[Date Prev][Date Next]   [Thread Prev][Thread Next]   [Thread Index] [Date Index] [Author Index]

Re: Poor Performance WhenNumber of Files > 1M



Ric Wheeler wrote:
Eric Sandeen wrote:
John Kalucki wrote:

Performance seems to always map directly to the number of files in the ext3 filesystem.

After some initial run-fast time, perhaps once dirty pages begin to be written aggressively, for every 5,000 files added, my files created per second tends to drop by about one. So, depending on the variables, say with 6 RAID10 spindles, I might start at ~700 files/sec, quickly drop, then more slowly drop to ~300 files/sec at perhaps 1 million files, then see 299 files/sec for the next 5,000 creations, 298 files/sec, etc. etc.

As you'd expect, there isn't much CPU utilization, other than iowait, and some kjournald activity.

Is this a known limitation of ext3? Is expecting to write to O(10^6)-O(10^7) files in something approaching constant time expecting too much from a filesystem? What, exactly, am I stressing to cause this unbounded performance degradation?

I think this is a linear search through the block groups for the new
inode allocation, which always starts at the parent directory's block
group; and starts over from there each time.  See find_group_other().

So if the parent's group is full and so are the next 1000 block groups,
it will search 1000 groups and find space in the 1001st.  On the next
inode allocation it will re-search(!) those 1000 groups, and again find
space in the 1001st.  And so on.  Until the 1001st is full, and then
it'll search 1001 groups and find space in the 1002nd... etc (If I'm
remembering/reading correctly, but this does jive with what you see.).

I've toyed  with keeping track (in the parent's inode) where the last
successful child allocation happened, and start the search there.  I'm a
bit leery of how this might age, though... plus I'm not sure if it
should be on-disk or just in memory.... But this behavior clearly needs
some help.  I should probably just get it sent out for comment.

-Eric

I run a very similar test, but normally run with a synchronous write work load (i.e., fsync before close). In my testing, you will see a slow but gradual decline in the files/sec. For example, on a 1TB S-ATA drive, the latest test run started off at a rate of 22 files/sec (each file is 40k) and is currently chugging along at a bit over 17 files/sec when it has hit 2.8 million files in one directory. I am using the ext3 run to get a baseline for a similar run of xfs and btrfs.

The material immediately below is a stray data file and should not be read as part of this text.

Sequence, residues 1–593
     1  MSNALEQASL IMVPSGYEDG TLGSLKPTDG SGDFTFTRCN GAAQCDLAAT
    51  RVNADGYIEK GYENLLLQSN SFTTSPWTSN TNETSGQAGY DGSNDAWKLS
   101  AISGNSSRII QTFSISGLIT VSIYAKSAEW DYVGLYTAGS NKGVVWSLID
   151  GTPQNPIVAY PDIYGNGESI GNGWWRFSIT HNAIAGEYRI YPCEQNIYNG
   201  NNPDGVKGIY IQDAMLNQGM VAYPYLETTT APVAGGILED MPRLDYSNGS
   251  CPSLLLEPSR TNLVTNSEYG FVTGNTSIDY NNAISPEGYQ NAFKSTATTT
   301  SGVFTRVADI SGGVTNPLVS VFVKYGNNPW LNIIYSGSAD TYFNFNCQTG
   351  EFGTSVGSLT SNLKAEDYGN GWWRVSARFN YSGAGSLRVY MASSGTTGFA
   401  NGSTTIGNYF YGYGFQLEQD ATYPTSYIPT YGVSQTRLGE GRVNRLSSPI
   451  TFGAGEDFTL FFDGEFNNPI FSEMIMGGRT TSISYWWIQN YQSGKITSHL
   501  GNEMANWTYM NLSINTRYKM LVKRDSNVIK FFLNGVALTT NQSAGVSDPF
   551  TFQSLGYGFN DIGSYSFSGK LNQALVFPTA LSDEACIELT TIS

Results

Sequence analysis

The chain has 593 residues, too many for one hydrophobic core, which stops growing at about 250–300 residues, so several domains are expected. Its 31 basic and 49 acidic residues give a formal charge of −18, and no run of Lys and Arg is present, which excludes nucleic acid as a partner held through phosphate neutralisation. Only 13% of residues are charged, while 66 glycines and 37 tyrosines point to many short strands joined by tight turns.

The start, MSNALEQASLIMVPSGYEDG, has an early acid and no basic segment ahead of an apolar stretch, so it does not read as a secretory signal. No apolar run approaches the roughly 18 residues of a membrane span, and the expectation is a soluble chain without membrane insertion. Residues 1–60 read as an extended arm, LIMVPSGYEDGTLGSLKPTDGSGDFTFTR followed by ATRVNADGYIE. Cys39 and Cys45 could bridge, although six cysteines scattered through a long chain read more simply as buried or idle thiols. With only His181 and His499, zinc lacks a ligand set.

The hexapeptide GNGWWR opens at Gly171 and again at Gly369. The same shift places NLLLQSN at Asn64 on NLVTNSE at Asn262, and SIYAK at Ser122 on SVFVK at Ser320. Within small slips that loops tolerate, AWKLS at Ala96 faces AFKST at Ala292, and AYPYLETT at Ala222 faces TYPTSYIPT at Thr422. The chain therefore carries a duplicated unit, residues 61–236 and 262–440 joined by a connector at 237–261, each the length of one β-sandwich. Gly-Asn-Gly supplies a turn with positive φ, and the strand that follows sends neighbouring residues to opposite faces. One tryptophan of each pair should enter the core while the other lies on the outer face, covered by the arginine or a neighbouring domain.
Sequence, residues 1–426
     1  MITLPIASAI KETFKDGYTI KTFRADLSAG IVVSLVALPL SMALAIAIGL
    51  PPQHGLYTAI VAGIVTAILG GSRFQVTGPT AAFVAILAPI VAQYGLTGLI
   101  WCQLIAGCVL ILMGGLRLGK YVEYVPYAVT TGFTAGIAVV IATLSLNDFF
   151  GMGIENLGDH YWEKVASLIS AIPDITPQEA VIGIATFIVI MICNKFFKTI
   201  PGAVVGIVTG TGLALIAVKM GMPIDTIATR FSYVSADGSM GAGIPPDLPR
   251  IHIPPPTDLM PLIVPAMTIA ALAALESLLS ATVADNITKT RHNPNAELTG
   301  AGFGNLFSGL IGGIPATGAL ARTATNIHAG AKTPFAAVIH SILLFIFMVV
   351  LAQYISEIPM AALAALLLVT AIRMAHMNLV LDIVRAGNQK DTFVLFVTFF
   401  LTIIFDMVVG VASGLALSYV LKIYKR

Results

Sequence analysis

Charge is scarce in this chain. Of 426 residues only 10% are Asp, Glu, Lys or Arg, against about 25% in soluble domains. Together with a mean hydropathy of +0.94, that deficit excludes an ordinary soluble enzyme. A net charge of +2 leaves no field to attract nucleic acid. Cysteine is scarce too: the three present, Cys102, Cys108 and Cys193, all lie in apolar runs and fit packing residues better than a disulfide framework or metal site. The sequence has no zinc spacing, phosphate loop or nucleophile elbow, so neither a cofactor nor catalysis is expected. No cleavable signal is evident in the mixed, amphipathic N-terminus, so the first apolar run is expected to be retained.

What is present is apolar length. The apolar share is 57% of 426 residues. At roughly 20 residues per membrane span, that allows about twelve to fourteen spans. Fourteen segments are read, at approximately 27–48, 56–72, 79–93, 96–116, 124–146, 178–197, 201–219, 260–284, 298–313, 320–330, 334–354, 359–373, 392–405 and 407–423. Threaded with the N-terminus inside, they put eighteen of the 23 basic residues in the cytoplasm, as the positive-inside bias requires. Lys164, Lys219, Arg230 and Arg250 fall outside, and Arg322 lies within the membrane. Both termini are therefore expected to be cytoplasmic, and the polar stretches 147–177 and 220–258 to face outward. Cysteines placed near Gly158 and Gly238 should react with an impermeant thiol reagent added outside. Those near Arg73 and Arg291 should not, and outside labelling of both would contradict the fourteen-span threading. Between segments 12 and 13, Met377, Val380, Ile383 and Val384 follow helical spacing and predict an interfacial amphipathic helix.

One other random tuning thought - you can help by writing into separate directories, but you will need to make sure that you don't produce a random write pattern when you select your target subdirectory. I think that the use case mentioned using a hashed directory structure which is fine, but you want to hash in a way that writes into a shared subdirectory for some period of time (say get a rotation of every X files or Y seconds). Easiest way to do this is to use a GUID with a time stamp and hash on the time stamp bits.

Note that there is a multi-threaded performance bug in ext3 (Josef Bacik had looked at fixing this) which throttles writes/sec down to around 230 when you do synchronous transactions so you might be hitting that as well.

ric

Unfortunately, I don't have the opportunity to limit the directories. My application is taking random-ish data and organizing it into logical groups for subsequent quick reading. But I did take your suggestion into account and it contains what seems to be the important nugget -- too many active directories makes a bad situation worse.

But still, my test reaches a steady state of active directories pretty quickly -- or so I'd like to think. The performance does indeed continue to creep downwards.

I'm doing everything single-threaded. Introducing a second thread seems to be an immediate disaster, even though I'm stripped across 3 disks. Unfortunate. Perhaps moving the journal to another filesystem would allow better multi-threaded throughput, but I'm not sure that this is important to me.

xfs, zfs, btrfs, and reiser could be attractive for my use-case.

Thanks for your response,
John








[Date Prev][Date Next]   [Thread Prev][Thread Next]   [Thread Index] [Date Index] [Author Index]